Parallel Data Compression

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Final Report

Check out the final report here

Summary of What We Completed

We have written and optimized the sequential version of the Huffman encoding and decoding algorithms, and tested it. For the parallel CPU version of this, we were debating between SIMD intrinsics and ISPC, and OpenMP.

However, huffman coding compression and decompression doesn’t seem to have a workload that can appropriately use SIMD. This is because there is no elegant way of dealing with bits instead of bytes in SIMD. Moreover, different bytes compress to a different number of bits (there is no fixed mapping of input vector size to output vector size), which makes byte alignment in SIMD very difficult (for example, the compressed form for a random 4 byte input could range from 2 to 4 bytes). This is much worse for decompression, where resolving bit-level conflicts (where a specific encoding spreads over 2 bytes) is almost impossible and might actually result in the algorithm being slower than the sequential version. Therefore, we decided to focus on OpenMP.

For compression, we first sort the array in parallel, to minimize number of concurrent updates to the shared frequency dictionary, reducing contention and false sharing. We also use fine-grained locking for the frequency dictionary, individually locking each key-value pair. Once the symbol codes have been determined, each symbol is replaced by its code, and all symbols are so processed in parallel.

Decompression is inherently sequential, and hence much harder to parallelize. In this case, we take advantage of the self-synchronizing property of Huffman coding, which allows us to start at an arbitrary point in the encoded bits, and assume that at some point, the offset in bits will correct itself, resulting in the correct output thereafter.

We read about the LZ77 algorithm and explored the different variants of the algorithm. We also explored different ways to parallelize LZ77. One naive approach is running the LZ77 algorithm along different segments of the data. This approach could output the same result as the sequential implementation if we use a fixed size sliding window and reread over some of the data. Another approach is the one outlined in Practical Parallel Lempel-Ziv Factorization which uses an unbounded sliding window and employs the use of prefix sums and segment trees to calculate the Lempel-Ziv factorization in parallel.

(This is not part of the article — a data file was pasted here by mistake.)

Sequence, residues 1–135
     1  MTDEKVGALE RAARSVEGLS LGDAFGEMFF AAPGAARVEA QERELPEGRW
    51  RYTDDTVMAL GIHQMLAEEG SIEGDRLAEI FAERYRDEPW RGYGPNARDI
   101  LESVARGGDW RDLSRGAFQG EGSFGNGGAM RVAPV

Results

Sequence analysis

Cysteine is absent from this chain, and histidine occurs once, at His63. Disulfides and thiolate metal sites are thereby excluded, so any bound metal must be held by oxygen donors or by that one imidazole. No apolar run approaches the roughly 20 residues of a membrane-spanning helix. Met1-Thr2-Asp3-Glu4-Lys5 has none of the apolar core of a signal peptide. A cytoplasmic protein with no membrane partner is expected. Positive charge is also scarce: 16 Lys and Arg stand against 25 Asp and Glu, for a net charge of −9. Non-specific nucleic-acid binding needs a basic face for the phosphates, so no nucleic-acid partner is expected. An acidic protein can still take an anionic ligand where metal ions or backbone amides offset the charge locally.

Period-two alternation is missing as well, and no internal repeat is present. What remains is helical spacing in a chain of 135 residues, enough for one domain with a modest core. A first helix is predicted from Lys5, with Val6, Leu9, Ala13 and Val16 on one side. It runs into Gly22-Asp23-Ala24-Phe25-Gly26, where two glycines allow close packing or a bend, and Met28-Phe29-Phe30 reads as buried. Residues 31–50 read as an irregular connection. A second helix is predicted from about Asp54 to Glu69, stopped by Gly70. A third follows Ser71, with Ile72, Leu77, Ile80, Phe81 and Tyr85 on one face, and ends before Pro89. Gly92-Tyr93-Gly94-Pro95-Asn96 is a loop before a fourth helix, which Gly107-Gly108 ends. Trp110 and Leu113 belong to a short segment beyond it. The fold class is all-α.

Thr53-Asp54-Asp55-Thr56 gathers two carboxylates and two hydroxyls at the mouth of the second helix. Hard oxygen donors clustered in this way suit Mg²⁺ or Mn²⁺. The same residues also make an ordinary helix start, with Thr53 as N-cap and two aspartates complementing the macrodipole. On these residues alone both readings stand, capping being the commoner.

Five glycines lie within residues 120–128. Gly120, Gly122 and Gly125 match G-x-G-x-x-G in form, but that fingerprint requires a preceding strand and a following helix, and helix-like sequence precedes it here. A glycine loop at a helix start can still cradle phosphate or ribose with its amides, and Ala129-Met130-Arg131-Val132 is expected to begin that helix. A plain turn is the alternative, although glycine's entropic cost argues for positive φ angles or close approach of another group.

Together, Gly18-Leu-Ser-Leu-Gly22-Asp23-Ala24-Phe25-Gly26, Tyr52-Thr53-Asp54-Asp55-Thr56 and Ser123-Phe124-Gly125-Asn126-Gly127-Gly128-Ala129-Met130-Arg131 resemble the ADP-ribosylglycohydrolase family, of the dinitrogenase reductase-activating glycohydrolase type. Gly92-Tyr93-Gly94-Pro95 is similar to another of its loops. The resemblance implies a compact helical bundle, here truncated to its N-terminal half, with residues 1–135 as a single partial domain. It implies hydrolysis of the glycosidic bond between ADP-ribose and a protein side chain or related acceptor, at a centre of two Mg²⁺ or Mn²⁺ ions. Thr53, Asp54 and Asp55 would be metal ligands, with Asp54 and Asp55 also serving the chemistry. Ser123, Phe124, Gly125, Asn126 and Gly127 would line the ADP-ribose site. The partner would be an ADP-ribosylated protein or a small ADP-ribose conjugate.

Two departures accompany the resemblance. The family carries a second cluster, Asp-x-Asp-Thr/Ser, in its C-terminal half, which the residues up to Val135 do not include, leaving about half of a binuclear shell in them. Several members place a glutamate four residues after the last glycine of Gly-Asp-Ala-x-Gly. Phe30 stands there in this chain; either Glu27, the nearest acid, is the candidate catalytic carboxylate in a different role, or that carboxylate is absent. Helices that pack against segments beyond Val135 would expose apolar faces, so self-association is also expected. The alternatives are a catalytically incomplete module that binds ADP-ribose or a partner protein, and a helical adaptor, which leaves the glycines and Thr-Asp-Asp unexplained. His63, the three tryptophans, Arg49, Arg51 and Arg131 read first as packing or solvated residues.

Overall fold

Update on Deliverables

Our sequential implementations are close to finished, and we have some idea of how to parallelize the algorithms. Our goal for the checkpoint was to have both of these parts finished, but we have not completely met the goal. We may pivot and work on parallelizing the compression and decompression of the huffman coding algorithm and drop the LZ77 part of the project altogether.

Our new goals:

  1. Parallelize the Huffman Coding compression.
  2. Parallelize the Huffman Coding decompression or LZ77 compression

Hope to achieve:

  1. Both parts of part 2 in our new goals.

What We Will Bring to the Poster Session

At the poster session we plan to present graphs that show the speedup vs number of processors and compression ratio vs number of processors for the Huffman Encoding and LZ77 algorithms. We will also have a demo of our compression algorithms with some sample data files to use them on.


We are stuck at deciding what our encoding for LZ77 will be. There are so many different implementations of LZ77 and encoding schemes for the algorithm. We have not yet settled on one encoding scheme. Practical Parallel Lempel-Ziv Factorization doesn’t specify what kind of encoding scheme to use. The fact that they use unbounded windows complicates things.

Date Goal
11/4 to 11/10 Read papers and scour the web for techniques with which to parallelize the algorithms.
11/11 to 11/17 Write most of the sequential implementation of the Huffman Coding algorithm. Start planning how to parallelize each algorithm on the CPU and/or GPU.
11/18 to 11/24 Complete the parallelized compression and decompression for Huffman Coding.
11/25 to 12/1 Complete the sequenital and parallel compression code for LZ77.
12/2 to 12/8 Collect all the data necessary for the final report and finish a draft of the final report.
12/9 to 12/15 Finalize the final report.
Final (12/15) Present!